Earlier I claimed that Peg Solitaire had some features that were ripe for use in a modern board game. The features are the board and the basic move that removes a piece each turn. (There aren't many other features left...) As the board starts full of pieces, there are few legal moves and hence you are eased into the gameplay. A couple of turns into the game, the options explode, and each move creates numerous new options for the next player. Towards the end, however, the pieces become so scarce that legal moves start decreasing again, and you are likely looking for that one frog you need to complete your collection. It even becomes feasible to calculate a couple of moves ahead, if you're so inclined.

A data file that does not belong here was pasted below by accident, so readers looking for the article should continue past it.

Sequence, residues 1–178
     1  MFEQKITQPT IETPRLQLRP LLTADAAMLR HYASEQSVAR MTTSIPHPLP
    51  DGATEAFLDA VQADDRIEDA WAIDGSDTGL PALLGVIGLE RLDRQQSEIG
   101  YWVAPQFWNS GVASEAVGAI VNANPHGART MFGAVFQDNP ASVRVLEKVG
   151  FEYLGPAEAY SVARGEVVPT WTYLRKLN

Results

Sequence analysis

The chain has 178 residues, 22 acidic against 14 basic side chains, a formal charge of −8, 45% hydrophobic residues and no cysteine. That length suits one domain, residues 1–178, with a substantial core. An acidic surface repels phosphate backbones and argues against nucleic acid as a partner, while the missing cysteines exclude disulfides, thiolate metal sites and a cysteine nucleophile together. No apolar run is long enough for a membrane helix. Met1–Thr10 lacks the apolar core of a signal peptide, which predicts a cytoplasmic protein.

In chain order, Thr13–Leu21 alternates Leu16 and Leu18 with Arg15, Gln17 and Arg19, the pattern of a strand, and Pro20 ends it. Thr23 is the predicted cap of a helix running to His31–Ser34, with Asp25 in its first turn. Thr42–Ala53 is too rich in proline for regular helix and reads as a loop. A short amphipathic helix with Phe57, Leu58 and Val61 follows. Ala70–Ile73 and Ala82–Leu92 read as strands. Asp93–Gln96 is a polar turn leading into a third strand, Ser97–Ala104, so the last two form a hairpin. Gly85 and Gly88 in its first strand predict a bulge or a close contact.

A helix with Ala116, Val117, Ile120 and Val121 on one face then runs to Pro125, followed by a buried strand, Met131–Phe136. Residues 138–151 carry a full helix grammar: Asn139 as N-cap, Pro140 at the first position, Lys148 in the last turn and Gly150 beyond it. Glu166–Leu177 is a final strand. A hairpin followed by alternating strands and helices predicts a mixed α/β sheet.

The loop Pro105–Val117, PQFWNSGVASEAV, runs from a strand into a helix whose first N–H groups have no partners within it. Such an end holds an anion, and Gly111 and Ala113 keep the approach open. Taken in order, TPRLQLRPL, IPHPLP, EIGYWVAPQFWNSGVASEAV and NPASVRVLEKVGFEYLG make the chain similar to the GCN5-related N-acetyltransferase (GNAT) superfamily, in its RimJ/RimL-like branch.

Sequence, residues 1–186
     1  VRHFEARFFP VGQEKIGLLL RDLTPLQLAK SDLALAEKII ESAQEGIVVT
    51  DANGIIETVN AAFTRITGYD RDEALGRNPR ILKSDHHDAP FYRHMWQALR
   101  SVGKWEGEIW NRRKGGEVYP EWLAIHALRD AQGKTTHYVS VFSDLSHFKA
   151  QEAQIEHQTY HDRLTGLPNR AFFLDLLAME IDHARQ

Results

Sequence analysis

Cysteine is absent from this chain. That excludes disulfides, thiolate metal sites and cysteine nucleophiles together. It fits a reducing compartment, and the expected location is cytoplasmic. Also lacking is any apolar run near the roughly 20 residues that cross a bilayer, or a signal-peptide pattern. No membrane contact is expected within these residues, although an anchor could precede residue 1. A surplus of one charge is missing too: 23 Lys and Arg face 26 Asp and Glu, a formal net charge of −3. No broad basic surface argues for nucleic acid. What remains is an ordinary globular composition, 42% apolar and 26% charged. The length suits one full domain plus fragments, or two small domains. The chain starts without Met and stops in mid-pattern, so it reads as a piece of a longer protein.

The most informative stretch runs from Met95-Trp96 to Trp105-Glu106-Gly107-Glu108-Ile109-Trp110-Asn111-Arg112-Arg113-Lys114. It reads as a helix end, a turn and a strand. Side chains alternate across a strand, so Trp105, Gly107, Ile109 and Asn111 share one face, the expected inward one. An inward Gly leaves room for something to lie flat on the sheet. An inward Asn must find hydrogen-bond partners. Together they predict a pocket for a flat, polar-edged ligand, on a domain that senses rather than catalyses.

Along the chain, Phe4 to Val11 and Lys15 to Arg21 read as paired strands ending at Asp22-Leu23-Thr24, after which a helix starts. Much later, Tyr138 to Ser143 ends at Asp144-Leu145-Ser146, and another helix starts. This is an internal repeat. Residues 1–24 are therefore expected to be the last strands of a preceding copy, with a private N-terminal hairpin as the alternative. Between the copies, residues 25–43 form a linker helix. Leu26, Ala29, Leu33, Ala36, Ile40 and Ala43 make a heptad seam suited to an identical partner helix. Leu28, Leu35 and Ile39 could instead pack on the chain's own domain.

This simple core mechanism allows for three distinct phases when you play Frogriders. It naturally and gradually changes from opening game through midgame and onto endgame. Now I don't want to oversell this point as the game moves so quickly that you might miss these phases if you blink, but they are certainly there. On the first move, only four options are available; on the second, six moves; then eight, etc. It doesn't actually progress in a linear fashion, though, and then there is the tipping point. When you get into the endgame, the options start decreasing, and thinking ahead to influence how rapidly is certainly feasible.

When the basic action you're doing each turn is the same, it is important that the game evolves in other ways to keep it interesting and varied, and Frogriders (in my opinion) achieves that without introducing extra rules to force the issue. I also think it is a huge plus for a family game that when you're trying the game for the first time, the options up front are quite limited.